Making the Choice

first chucking
...the first chucking...
second chucking
...is followed by the second, wherein the bottom is machined...
second machine
...then the second machine receives the part for finish machining...

The selection of the Hessapp verticals—based on an understanding that the selection would have an effect on what would be used for some time to come—wasn't made lightly. Jim Findlay, manager of the Advanced Manufacturing and Engineering Group at the facility, explains that two years were spent assessing capital equipment for their requirements. "The group, with some plant operating personnel involvement, reviewed more than a dozen different equipment manufacturers. At the end of a very thorough, intensive investigation, Hessapp came out clearly on top."

A large part of the reason why the machines were selected relates to the fundamentals of the equipment. First up, by being verticals, the footprint is small. Chip disposal is not a problem. For automatic loading, there is the benefit of gravity. Bond adds, "But most significant is vertical turning's remarkable spindle accuracy, which gives us excellent control of our tolerances and this provides us some advantages others simply cannot meet.

With regard to the specific machines, Bond says, "We have a 50-hp [35-kW] spindle in these machines, and we can machine a rotor just over 6 in. [150 mm], and then, in a very short time, we're able to changeover and machine a rotor much larger, close to 14 in. [350 mm]."

But what about the brand? The Hessapp nameplate isn't widely known in North America. Bond points out that the name is well known in Europe, "where vertical turning is well accepted and where Hessapp has a large customer base, including Volkswagen, Mercedes, BMW, Fiat, Opel and others. So there was no technology risk at all."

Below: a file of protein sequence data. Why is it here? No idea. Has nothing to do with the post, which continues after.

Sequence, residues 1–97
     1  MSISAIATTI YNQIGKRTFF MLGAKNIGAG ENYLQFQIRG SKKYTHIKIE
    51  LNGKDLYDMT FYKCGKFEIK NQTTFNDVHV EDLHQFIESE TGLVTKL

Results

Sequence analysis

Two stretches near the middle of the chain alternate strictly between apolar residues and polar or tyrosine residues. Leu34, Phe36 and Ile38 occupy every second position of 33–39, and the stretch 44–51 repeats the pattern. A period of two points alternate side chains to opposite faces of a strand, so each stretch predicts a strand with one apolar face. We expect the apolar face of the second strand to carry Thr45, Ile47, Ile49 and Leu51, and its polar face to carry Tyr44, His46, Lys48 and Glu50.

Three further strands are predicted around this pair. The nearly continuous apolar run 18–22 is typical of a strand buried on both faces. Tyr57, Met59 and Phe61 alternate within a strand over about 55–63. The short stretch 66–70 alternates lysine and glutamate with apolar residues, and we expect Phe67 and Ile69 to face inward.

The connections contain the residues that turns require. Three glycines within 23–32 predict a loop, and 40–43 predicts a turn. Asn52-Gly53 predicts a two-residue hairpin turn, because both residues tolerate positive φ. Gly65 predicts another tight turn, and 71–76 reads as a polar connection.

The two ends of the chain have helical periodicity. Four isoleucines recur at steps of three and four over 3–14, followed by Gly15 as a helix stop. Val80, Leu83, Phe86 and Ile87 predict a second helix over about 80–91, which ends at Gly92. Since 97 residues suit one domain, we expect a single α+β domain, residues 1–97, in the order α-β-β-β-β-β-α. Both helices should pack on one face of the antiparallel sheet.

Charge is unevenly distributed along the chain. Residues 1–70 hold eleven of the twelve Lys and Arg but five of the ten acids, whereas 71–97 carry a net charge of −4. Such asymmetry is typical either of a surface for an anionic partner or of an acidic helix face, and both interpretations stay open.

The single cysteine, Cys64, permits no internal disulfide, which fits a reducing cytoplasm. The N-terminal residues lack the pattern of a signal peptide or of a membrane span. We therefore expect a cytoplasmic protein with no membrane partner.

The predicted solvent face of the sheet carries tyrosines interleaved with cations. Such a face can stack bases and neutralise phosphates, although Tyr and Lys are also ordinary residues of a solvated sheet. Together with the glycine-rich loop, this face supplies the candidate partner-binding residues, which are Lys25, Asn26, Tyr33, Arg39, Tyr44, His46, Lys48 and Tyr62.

What's more, the companies worked closely together to assure that (1) the equipment was up and running quickly and (2) that the equipment was kept in operation.

A Demanding Task


rough blanks
...where the parts end up like this, with some additional drilling and tapping to be done.

About the first, Findlay recalls, "In 1997, Woodstock undertook seven major product launches simultaneously. These were rotors and hubs for various customers. New machines and lines had to be installed and proved out. Equipment had to be debugged. Parts had to be run and tested to customer spec. And each of these launches was `job one' and had a firm deadline. A single new launch is tough enough, but committing to seven was really sticking our neck out." The machines began arriving from Germany. "We just put them on the floor, arranged them in cells, started them up, and began making parts. In the end, we hit every launch on time, on target, and that's something we're very proud of."

With regard to keeping the machines up and running: "We've an arrangement with Turmatic Systems," Bond says, "for a supply of Hessapp spare parts to be on the shelf in Michigan"—in a service base they've established in Brighton—"dedicated to the needs of LucasVarity, which is the largest Hessapp user in North America, with some 55 to 60 machines."